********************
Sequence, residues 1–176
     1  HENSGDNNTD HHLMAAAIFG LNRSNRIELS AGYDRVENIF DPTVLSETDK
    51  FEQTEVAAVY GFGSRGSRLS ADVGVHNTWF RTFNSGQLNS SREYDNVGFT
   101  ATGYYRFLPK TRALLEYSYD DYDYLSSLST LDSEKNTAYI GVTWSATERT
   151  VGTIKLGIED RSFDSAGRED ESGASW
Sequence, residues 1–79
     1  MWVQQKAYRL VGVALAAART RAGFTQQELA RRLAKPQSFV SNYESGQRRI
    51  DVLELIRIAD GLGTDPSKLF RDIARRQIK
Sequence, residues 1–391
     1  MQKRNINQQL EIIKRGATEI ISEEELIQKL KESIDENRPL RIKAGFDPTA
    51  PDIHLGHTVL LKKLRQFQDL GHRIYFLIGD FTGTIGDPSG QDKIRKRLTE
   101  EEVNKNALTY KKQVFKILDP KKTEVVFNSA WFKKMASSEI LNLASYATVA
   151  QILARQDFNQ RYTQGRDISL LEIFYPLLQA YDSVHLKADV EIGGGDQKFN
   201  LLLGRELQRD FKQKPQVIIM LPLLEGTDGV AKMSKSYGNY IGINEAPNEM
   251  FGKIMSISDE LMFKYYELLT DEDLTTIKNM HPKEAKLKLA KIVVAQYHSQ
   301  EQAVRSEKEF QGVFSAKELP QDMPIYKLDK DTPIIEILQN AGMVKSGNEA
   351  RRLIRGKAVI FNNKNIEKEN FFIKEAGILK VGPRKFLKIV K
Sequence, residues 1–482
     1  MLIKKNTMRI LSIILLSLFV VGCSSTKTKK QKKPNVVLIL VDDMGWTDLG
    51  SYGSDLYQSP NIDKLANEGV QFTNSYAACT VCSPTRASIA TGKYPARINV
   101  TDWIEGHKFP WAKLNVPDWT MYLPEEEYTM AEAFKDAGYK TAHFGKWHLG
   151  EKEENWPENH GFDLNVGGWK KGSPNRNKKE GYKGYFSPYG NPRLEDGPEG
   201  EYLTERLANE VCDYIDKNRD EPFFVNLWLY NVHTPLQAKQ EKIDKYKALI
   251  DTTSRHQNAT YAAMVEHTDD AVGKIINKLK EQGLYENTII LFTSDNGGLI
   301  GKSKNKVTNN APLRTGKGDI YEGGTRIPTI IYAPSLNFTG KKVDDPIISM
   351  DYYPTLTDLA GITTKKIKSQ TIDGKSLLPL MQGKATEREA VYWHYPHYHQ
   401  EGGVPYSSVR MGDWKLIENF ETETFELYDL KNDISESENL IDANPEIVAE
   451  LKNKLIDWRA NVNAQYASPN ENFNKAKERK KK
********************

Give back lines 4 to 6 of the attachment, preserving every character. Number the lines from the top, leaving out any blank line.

   101  ATGYYRFLPK TRALLEYSYD DYDYLSSLST LDSEKNTAYI GVTWSATERT
   151  VGTIKLGIED RSFDSAGRED ESGASW
Sequence, residues 1–79